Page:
OLYMPIC DIGEST | Marco Odermatt Bags Gold in Men’s Giant Slalom
“I really risked everything in the second run because I wanted not just the medal, I wanted the gold medal,” the Swiss champion said.
Switzerland’s Marco Odermatt had two quality runs down the mountain in the men’s giant slalom competition on Sunday, February 13 at Yanqing National Alpine Skiing Centre.
The 24-year-old produced the best time in his first run (1 minute, 2.93 seconds) and had the second-fastest performance in his second run (1:06.42). It added up to the top overall combined time (2:09.35) and secured a gold medal for the Swiss skier.
Slovenia’s Jan Kranjec claimed the silver medal, finishing 0.19 seconds slower than Odermatt. Kranjec was clocked in 1:03.71 for his first run, then 1:05.63, best of all 46 finishers, for his second for a combined time of 2:09.54.
France’s Mathieu Faivre took home the bronze with an aggregate time of 2:10.69.
Odermatt placed seventh in the men’s downhill earlier in the Beijing Games and did not finish in the Super-G event.
Sunday’s giant slalom was impacted by snowfall and limited visibility, forcing a delay of more than one hour for the second run.
But Odermatt was solid on his second trip down the Yanqing course to lock up the win.
“I really risked everything in the second run because I wanted not just the medal, I wanted the gold medal,” Odermatt was quoted as saying by The Associated Press. ”It’s difficult because you can lose everything but today it paid off.”
He added: “It was a hard day, with the conditions, with such a long wait between the two runs. It was more than five hours for me, it was such a long time to re-think everything and it was hard to stay focused. I tried to sleep some minutes in between.
Japanese skiers didn’t compete in the event.
Russia Storms to Gold Medal in Men's 4x10-km Event
The team representing the Russian Olympic Committee built up a big lead in the first half of the race en route to winning the men’s 4x10-kilometer cross-country skiing event at the Beijing Olympics, while Japan finished 10th for its best finish since the Nagano Olympics.
Russian anchor Sergey Ustiugov crossed the finish line on Sunday, February 13 at the National Cross-Country Skiing Center in Zhangjiakou in a time of 1 hour, 54 minutes, 50.7 seconds.
Norway took the silver more than a minute and seven seconds behind, while France claimed the bronze after Sweden faded away over the closing kilometers.
On a day when high winds and snow flurries made visibility difficult at times, organizers were forced to turn on the floodlights so that fans and television viewers could see the action.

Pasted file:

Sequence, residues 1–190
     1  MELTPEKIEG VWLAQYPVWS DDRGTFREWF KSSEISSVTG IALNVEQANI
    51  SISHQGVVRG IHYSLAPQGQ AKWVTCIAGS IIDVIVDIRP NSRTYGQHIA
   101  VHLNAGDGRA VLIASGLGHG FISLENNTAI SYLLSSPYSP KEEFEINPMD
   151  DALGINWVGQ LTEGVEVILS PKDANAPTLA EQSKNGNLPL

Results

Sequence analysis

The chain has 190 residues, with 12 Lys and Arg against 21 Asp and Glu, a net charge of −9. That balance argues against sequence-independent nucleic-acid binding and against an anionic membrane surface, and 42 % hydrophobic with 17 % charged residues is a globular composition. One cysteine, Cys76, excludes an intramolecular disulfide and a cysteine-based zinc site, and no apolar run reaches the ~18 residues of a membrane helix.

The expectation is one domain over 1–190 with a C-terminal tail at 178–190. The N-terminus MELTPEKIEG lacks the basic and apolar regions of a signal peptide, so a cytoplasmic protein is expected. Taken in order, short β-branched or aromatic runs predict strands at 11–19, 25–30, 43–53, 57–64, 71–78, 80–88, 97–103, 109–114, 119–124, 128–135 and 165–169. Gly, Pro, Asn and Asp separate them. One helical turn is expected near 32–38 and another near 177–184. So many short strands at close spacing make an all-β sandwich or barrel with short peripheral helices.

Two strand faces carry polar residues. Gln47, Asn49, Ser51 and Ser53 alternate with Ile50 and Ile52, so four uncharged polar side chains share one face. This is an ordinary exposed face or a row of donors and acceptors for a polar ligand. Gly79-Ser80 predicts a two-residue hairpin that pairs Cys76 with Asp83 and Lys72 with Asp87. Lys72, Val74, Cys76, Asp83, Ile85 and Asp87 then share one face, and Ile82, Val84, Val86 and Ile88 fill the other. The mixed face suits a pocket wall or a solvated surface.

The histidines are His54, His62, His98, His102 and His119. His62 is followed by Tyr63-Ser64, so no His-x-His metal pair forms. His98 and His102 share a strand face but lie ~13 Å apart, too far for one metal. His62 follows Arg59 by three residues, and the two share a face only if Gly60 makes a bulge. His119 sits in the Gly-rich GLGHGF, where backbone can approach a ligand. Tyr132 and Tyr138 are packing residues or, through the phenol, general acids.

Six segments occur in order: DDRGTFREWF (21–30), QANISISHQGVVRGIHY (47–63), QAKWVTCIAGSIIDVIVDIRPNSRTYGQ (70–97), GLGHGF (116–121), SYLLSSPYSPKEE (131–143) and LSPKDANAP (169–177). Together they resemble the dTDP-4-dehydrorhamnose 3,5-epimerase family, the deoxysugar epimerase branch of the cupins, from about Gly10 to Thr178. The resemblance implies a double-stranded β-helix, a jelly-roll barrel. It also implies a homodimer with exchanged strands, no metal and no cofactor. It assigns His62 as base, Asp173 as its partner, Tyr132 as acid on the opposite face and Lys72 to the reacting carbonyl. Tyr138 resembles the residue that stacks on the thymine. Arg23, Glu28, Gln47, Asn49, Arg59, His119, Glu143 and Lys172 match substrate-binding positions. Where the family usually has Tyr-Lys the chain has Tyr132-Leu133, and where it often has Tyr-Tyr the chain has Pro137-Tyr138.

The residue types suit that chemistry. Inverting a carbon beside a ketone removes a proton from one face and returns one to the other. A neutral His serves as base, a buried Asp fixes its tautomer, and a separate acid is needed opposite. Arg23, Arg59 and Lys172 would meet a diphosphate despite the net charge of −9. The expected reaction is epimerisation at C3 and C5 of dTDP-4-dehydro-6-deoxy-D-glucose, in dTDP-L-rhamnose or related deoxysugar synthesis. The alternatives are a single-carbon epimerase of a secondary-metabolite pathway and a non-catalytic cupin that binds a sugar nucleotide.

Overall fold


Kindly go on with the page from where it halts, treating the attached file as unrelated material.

In the men’s 4x10 event, the first two skiers on each team use a classic style with the second two racers using freestyle, each for three laps of 3.3 kilometers.
As their women did in winning the 4x5-km relay on Saturday, Russia’s men got off to a strong start with lead man Alexey Chervotkin building up a lead of more than 12 seconds midway through his leg.
When he handed over to Alexander Bolshunov, winner of gold in last week’s skiathlon, the race was all but decided.
With Ustiugov firmly in control during the final leg, the focus shifted to the battle for the silver and bronze.
Norway’s Johannes Klaedo and France’s Maurice Manificat skied most of the final leg neck and neck with the Norwegian surging ahead down the stretch.
The Japanese team of Ryo Hirose, Hiroyuki Miyazawa, Naoto Baba and Haruki Yamashita battled with the United States and Canada, eventually finishing 10th, behind the US but ahead of the Canadians.
Japan finished 16th at the Sochi Olympics and seventh at the Nagano Games in 1998. Japan’s best previous finish since Nagano was 12th in Salt Lake City in 2002.
Cross-country skiing was one of the founding events at the first Winter Games in Chamonix in 1924. Women’s events were not added until Oslo in 1952.
The International Ski Federation (FIS) designates spots based on point totals that athletes accumulate in the FIS competition during the Olympic qualification period.
Norway has dominated the sport over the years, winning 49 gold medals that have been awarded since 1924, far more than any other country.
Women’s Monobob Competition Heats Up
In the first Winter Games to feature women’s monobob, which is one-woman bobsledding with a smaller sleigh than the ones used in two-man and four-man competitions, American Kaillie Humphries had the fastest time in the first heat on Sunday morning at Yanqing National Sliding Centre.
Current monobob world champion Humphries, a two-time Olympic gold medalist in the two-woman bobsleigh, completed her run in 1:04.44, with Germany’s Lara Nolte finishing runner-up in 1:04.74. Twenty women participated in the first heat.
Later in the day, Humpries maintained her top spot after the second run with an accrued time of 2:09.10. She reached a top speed of 123.30 kph, a Yanqing track record, during her first run.
Canada’s Christine de Bruin sits in second place at the midway point of the competition with an overall time of 2:10.14.
Two more runs will be held on Monday on the 1.9-km course to determine the final results.
Humphries was pleased with her performance on Sunday, but quickly shifted her focus to the final two heats.
“You pretend like today didn’t exist and have a fresh race tomorrow,” Humphries told reporters. “Easier said than done, I can promise you that. But at the end of the day, I’ve had practice at doing it. And I’ve won, and I’ve lost in this position. And tomorrow is a brand new day. ... I have to continue to put my best foot forward.”
Authors: Ed Odeven, Jim Armstrong